Central Arizona Project officials and board members are giving conflicting accounts of how they will decide which applicant they will allow to tie into an existing CAP pipeline near Sahuarita.

CAP General Manager David Modeer and a top aide, Tom McCann, have been telling Tucson officials and two pipeline applicants that the water project must both let both applicants tie into the pipeline - or neither. They've said they're acting on direction from their board - although not from a formal vote.

But three of four CAP board members who represent the Tucson area say they know nothing of such a policy and had not discussed giving the staff direction to proceed with it. Those members are board Vice Chairman Warren Tenney, Sharon Megdal and Patrick Jacobs.

The fourth CAP board member from Tucson, Carol Zimmerman, has recused herself from involvement in this issue because her public relations firm, Zimmerman and Associates, represents Community Water Co. on the pipeline project.

Zimmerman has in the past also represented Rosemont Copper, whose groundwater pumping for the proposed Rosemont Mine is supposed to be offset by the CAP water that Community Water pipeline brings into the Sahuarita-Green Valley area for recharge.

The "all or nothing" position would essentially force the Tucson City Council to accept the application from a Green Valley-area company working with the parent of Rosemont Copper - which the council generally opposes - if it wants to approve an application from Farmers Investment Co., with which council members have been friendlier.

That's because CAP and the city agree that both of them have to approve any application to tie into the pipeline.

The pecan-growing FICO and the Community Water Co. of Green Valley are seeking permission to connect their proposed new CAP pipelines to an existing line in the Sahuarita area that is jointly owned by the project and the city. That would save them time getting their pipelines extended into the Green Valley-Sahuarita area. Rosemont Copper's parent, Augusta Resource, has agreed to pay the Community Water Co.'s pipeline's $25 million construction cost.

On Tuesday, the council is to discuss what criteria to use in deciding which applications to grant.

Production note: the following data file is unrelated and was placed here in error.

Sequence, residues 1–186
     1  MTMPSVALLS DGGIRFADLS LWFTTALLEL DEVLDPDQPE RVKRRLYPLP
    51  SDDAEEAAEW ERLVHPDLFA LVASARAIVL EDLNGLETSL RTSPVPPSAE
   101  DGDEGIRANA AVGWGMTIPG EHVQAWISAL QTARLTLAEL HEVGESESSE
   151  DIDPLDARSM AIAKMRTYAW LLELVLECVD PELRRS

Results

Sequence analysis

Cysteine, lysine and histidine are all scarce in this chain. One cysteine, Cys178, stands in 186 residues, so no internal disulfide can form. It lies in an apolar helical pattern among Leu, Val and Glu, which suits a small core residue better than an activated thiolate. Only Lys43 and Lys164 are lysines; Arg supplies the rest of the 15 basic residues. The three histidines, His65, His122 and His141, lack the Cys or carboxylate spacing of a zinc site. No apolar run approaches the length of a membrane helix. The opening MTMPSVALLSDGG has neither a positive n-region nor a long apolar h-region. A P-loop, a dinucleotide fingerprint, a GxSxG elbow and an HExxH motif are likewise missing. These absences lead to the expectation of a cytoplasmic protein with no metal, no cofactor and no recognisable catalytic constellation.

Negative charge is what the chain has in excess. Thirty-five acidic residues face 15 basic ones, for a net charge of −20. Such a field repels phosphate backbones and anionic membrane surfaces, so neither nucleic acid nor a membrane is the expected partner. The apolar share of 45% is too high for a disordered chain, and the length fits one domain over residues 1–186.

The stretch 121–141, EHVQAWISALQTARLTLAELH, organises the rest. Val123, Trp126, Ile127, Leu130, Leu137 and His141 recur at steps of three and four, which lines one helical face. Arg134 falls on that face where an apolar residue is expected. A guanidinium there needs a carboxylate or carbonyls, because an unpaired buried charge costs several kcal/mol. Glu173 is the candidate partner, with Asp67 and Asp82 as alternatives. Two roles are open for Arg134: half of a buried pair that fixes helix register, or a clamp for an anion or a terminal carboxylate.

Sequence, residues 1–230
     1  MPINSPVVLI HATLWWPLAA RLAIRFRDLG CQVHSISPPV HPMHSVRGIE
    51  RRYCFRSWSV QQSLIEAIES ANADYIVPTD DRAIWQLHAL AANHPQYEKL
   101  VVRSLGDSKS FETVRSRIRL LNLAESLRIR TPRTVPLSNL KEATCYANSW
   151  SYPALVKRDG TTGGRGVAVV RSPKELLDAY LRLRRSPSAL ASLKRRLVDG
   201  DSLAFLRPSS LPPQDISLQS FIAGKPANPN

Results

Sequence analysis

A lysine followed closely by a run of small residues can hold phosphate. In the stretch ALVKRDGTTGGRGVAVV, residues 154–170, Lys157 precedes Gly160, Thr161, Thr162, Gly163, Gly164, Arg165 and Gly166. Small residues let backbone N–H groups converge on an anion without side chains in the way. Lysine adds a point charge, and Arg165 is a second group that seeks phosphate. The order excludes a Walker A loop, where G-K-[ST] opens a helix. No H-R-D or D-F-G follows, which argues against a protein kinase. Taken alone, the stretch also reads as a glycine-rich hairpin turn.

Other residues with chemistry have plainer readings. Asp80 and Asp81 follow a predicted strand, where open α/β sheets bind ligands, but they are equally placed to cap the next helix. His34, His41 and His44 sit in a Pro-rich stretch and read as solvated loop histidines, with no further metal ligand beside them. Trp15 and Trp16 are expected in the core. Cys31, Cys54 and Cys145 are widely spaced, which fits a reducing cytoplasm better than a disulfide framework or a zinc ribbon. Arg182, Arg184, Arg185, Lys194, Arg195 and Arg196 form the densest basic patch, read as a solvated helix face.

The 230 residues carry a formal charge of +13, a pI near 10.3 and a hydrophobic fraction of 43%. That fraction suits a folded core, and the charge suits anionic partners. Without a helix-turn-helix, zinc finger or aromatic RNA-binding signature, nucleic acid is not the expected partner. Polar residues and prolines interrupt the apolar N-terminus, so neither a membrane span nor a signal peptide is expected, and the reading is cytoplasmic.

In an email to Tucson City Council members and staffers last week, Tucson Water official Sandy Elder repeated the CAP staff position.

CAP's Modeer said Friday that the "all or nothing" issue was discussed in executive session in 2011 or 2012. Because the discussion took place behind closed doors, he said he can't talk much about it, "but the board concurred with a policy that has been in place at CAP for a long time, a nondiscriminatory policy."

That policy has existed "forever - since CAP has been delivering water, back in the middle '80s," Modeer said. He said he didn't remember if it had come from a formal board vote or from project staff.

If the City Council doesn't want to give access to that pipeline to Community Water Co., "we'd have a serious issue with that," Modeer added.

"They are a CAP subcontractor and have the same right anyone else has, probably a greater right, because they have a CAP subcontract and have been paying into CAP for repayment of the federal investment since the beginnings of the project," Modeer said.

But "I don't believe that the board has ever said it is either both or nothing," said board member Megdal, who also is director of the University of Arizona's Water Resources Research Center. "I don't know that we've had that conversation. Do you only support a hookup if both are allowed to hook up? I don't believe we've been asked that question."

City Council members Steve Kozachik and Karin Uhlich last week expressed discomfort with CAP staff's position.

"If we set a policy that if we pick one applicant we have to pick everyone, that is analogous to having across-the-board budget cuts," Kozachik said. "That's not taking into consideration the quality of the applicants."

Megdal, Tenney and Jacobs did recall discussing and agreeing on the principle that CAP and the city of Tucson must approve an applicant to connect to the existing pipeline.

"All or nothing - I don't remember using those terms," Jacobs said. "We can't discuss those kinds of issues till we get concurrence with the city."

Uhlich said she believes the CAP staff, like the city staff, can't get direction from its board without a formal vote.

"That's an important open-meeting question," Uhlich said. "I don't know of any mechanism for a formal body to give direction without a formal vote."

CAP's Megdal, however, said there could be some policies that don't need board action.

"What does or doesn't have to come to the board, lawyers would have to answer."

Contact reporter Tony Davis at tdavis@azstarnet.com or 806-7746